After wrapping up in Colorado, we boarded a flight from Denver to Ontario, Calif., (east of L.A.), and continued our southwestern adventure. After landing, we picked up our luggage and rental vehi-cles and made a bee line to San Bernardino for some much-needed rest. The next day, March 20, we followed the Palmdale Cut-off over Cajon Pass and took California State Highway 138 west as we headed toward Mojave. The plan was to spend two days at Tehachapi Loop, covering the joint SP/Santa Fe operation between Mojave and Bakersfield. At Mojave, we encountered an SP eastbound, the RVWCY (Roseville-West Colton Yard).

We chased him east for a short distance before returning to Mojave, where we noticed a head-light fast approaching us. It was Santa Fe Train 975 descending the Tehachapi Mountains that were shrouded in fog. Luckily, we had some good early morning light to work with. Train 975 pulled down to the east end of town and creaked to a stop. Just coming off the Mojave Sub from Barstow was Train 199, the Chicago, Ill., to Richmond, Calif., speedster. We decided to follow Train 199 as it began his climb. We shot him a few times before setting up for the classic shot at Tunnel 9. It was a real treat to see the train wind around The Loop as it made its way westward through Bealville and Caliente before taking the high road to Bakersfield.

Santa Fe

ABOVE: In September 1984, Santa Fe received 18 SDP40F’s from Amtrak in exchange for 25 CF7s and 18 SSB1200 switchers. The Amtrak units operated across the breadth of the Santa Fe system before being sent to the San Bernardino Shops for remanufacturing in early 1985. Under a pristine blue sky, 5259 leads Train 858 eastbound through Victorville on Friday, March 22, 1985. Operating as-needed between Los Angeles and Barstow, it handled traffic for Barstow and beyond.

After Train 199 departed the Tehachapi Mountain Range, a Southern Pacific train with symbol EUWCY (Eugene, Ore.-West Colton Yard) began slithering its way across the mountain pass. We set up for a shot at Woodford, taking in the sights and sounds of mountain railroading at its best. We then returned to Tunnel 9 and upon arrival, we found an extra work train from Mojave doing some light maintenance. Once he completed his work, he scooted east back to Mojave, following the EUWCY. In all, we shot several trains crossing the Tehachapis that day.

Following that two-day stint in the Tehachapis, we drifted south towards Cajon Pass. We awakened the next day, March 22, as the sun rose above the San Bernardino Mountains. After a quick fast-food drive-thru breakfast, we darted up to Cajon Pass to begin a full day of photography. This has been a mecca for railfans since the mid-1900’s. The history of this region can be traced back to 1885 when the California Southern built the original line over the pass to connect its route from San Diego to the Santa Fe at Barstow.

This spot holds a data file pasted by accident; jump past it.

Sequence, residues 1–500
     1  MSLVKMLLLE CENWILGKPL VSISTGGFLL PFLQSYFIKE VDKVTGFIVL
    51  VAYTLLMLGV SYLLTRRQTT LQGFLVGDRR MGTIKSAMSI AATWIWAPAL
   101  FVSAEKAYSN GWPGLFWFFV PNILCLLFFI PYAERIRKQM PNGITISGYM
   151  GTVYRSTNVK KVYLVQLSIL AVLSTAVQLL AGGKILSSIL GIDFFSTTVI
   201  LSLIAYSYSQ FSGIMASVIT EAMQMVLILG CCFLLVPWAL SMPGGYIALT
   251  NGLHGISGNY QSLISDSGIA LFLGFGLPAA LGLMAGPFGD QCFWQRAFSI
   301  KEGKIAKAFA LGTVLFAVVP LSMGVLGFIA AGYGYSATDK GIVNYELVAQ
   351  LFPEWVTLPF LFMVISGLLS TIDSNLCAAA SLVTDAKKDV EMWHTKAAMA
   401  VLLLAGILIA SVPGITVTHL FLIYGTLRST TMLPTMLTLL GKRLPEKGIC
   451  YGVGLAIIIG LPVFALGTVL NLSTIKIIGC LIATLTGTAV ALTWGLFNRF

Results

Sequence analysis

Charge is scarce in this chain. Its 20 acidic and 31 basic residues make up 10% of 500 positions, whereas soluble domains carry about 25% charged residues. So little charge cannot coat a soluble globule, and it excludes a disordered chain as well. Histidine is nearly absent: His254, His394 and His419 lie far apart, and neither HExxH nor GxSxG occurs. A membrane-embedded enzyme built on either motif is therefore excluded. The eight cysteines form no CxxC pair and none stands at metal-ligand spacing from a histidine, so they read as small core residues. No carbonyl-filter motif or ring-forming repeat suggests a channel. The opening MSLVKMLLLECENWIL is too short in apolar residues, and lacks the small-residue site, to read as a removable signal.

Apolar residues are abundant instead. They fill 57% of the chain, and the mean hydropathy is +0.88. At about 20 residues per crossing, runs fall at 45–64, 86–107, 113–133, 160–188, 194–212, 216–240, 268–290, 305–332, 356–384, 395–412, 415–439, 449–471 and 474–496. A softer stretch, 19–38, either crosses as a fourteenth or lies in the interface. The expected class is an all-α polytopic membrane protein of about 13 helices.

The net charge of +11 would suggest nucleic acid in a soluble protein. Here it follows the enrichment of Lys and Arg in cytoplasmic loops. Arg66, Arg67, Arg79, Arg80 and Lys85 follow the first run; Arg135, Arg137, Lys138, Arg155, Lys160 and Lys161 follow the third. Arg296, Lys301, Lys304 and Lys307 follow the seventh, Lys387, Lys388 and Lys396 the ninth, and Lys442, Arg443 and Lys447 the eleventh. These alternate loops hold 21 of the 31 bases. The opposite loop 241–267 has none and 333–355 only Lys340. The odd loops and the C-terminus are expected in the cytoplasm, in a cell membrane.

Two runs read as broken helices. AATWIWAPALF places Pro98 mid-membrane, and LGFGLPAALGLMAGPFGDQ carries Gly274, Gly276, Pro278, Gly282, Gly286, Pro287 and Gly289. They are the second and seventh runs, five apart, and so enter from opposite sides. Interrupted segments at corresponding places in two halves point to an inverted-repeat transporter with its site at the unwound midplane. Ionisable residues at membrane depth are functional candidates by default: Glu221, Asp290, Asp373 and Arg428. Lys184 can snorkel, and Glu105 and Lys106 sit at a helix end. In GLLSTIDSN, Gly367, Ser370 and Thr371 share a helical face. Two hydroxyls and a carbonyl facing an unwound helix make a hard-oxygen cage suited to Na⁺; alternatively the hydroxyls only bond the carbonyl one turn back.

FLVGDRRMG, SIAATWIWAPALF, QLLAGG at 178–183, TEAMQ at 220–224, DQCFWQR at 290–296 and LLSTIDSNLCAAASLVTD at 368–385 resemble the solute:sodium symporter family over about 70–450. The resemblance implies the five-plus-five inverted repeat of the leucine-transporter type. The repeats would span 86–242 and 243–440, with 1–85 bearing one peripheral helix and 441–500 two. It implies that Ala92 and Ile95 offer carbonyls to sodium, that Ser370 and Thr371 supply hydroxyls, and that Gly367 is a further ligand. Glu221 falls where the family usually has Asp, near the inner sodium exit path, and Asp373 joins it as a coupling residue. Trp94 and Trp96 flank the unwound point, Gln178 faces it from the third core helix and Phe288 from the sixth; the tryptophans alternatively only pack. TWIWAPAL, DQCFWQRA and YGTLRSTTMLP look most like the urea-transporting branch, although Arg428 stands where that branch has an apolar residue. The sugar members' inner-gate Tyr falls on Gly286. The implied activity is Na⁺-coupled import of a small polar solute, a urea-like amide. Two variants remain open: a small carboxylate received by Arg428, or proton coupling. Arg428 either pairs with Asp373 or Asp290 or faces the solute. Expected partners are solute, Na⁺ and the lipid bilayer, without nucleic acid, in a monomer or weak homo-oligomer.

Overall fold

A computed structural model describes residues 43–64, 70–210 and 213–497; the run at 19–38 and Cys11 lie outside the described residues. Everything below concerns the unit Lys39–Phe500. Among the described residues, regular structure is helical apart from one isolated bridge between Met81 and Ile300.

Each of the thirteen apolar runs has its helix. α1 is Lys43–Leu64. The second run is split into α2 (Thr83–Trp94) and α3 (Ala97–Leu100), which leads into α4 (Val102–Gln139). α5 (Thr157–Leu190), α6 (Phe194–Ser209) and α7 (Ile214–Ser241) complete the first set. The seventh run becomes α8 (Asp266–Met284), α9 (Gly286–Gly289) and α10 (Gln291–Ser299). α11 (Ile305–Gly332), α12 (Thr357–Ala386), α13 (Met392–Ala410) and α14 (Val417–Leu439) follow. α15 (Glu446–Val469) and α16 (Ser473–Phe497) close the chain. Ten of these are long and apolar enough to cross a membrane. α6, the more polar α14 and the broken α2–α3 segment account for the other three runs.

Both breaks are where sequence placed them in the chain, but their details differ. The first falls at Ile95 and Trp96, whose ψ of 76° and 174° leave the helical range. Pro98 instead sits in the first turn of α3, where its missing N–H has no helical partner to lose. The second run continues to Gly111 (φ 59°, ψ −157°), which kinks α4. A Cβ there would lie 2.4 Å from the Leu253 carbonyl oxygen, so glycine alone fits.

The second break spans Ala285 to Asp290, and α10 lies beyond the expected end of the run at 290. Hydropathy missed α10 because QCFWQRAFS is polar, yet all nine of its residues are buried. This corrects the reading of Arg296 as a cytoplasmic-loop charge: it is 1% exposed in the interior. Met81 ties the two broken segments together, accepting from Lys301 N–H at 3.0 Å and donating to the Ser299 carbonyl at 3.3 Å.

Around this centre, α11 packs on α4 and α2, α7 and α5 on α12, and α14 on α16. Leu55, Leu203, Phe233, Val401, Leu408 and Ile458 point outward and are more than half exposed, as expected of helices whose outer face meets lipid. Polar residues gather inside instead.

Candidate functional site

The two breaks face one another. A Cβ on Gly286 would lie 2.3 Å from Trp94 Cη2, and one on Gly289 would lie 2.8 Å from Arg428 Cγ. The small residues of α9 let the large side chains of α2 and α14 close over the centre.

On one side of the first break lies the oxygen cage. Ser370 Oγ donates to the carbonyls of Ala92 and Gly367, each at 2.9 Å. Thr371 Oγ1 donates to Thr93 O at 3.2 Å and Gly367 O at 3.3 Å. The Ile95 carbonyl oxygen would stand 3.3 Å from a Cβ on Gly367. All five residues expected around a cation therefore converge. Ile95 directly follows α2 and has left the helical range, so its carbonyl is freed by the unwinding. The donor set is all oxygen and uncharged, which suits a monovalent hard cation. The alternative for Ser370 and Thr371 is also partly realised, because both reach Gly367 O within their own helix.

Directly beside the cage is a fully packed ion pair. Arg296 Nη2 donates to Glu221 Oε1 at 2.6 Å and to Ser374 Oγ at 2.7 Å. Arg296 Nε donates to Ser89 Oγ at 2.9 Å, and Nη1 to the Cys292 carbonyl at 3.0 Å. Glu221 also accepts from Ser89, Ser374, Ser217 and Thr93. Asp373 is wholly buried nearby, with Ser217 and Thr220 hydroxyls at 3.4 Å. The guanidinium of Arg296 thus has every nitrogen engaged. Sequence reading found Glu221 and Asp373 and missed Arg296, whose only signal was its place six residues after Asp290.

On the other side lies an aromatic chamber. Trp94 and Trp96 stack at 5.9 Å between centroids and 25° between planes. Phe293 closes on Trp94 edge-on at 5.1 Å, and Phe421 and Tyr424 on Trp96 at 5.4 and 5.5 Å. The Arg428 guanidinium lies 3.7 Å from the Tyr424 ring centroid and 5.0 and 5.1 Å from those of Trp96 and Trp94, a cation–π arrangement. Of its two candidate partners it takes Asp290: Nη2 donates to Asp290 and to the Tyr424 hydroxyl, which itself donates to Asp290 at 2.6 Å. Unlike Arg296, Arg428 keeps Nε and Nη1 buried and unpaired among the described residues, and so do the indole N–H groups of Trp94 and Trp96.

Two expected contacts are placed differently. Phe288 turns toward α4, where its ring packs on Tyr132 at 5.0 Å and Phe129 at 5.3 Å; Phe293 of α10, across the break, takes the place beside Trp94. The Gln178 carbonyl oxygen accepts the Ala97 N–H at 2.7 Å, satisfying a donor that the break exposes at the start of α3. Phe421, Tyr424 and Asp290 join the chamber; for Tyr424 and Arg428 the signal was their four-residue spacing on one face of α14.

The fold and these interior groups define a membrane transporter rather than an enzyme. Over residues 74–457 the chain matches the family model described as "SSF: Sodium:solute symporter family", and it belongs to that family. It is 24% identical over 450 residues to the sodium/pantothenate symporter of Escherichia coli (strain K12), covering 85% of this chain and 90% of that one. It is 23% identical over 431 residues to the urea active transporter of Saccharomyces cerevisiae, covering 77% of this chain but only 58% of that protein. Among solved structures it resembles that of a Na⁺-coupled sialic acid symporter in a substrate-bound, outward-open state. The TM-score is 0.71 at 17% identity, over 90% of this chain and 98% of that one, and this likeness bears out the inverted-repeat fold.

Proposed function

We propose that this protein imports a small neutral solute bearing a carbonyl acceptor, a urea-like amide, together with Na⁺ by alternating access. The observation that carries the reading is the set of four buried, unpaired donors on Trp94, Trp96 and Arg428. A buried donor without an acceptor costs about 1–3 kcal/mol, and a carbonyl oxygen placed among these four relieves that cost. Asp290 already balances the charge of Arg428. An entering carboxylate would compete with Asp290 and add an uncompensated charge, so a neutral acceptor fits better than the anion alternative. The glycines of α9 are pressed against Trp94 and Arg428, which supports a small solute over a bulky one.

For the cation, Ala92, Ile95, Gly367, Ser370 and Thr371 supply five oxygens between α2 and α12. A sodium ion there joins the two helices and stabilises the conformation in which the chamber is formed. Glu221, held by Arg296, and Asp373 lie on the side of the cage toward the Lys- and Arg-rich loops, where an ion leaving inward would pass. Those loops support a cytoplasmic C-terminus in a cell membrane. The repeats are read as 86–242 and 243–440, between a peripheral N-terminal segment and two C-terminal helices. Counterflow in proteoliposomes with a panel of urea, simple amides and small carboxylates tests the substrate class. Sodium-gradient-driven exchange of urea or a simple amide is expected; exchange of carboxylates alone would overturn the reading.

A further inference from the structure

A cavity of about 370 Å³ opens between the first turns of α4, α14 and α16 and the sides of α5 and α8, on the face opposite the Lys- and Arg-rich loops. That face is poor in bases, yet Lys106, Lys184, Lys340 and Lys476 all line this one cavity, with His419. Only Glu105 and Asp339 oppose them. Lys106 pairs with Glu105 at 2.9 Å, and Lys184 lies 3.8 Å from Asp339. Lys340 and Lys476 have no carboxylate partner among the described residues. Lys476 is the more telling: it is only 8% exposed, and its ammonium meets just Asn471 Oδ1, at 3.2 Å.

Southern Pacific

ABOVE: ABOVE: In order to keep up with maintenance over this segment of Tehachapi Loop, it was necessary to call work trains as needed to repair rough rail conditions, replace ties and to remove any impediments, such as rocks and dirt from the right-of-way. On Wednesday, March 20, 1985, an extra work train from Mojave powered with a pair of legendary SP SD9E’s will make a quick repair at Walong. After waiting for a few trains to pass, they will perform the light maintenance assignment on this late winter day before returning east to Mojave. This is nothing compared to what the SP dealt with in 1952. A major earthquake rattled the Tehachapi Mountains on July 21 of that year, measuring a devastating 7.5 on the Richter scale. The quake killed 14 people and left a swath of destruction throughout Kern County. Southern Pacific suffered catastrophic damage to its rail net-work across the Tehachapi Mountains, especially between Caliente and Rowen, with numerous tunnels collapsing and rail being twisted and out of alignment. During the rebuilding process, all SP and Santa Fe trains were diverted to SP’s Coast Line route between Los Angeles and San Francisco, with westbound trains utilizing SP’s Santa Paula Branch between Montalvo and Burbank Junction via Saugus and eastbound and all passenger trains operating over the Coast Line via Santa Susana pass. Operations across Tehachapi Loop were restored in 25 days and on August 15, a SP westbound consisting of 100 Oregon empties would be the first train to operate over The Loop after the quake.

Due to an increase in traffic to southern California, a second main was constructed between San Bernardino and Barstow between 1912 and 1924. Another railroad, the San Pedro, Los Angeles and Salt Lake City Railroad (an early Union Pacific affiliate) acquired the Los Angeles Terminal and was completing its route between Salt Lake City and L.A. In order to reach the Los Angeles Basin, Santa Fe granted the SPLA&SLC trackage rights from Daggett to San Bernardino and Colton over Cajon. After an ICC order ruling in favor of the “Pedro,” a new agreement was established in February 1916, extending operating rights over the Santa Fe from Colton to just south of Riverside Jct. The SPLA&SLC became part of the UP in 1921…

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This article was posted on: November 28, 2022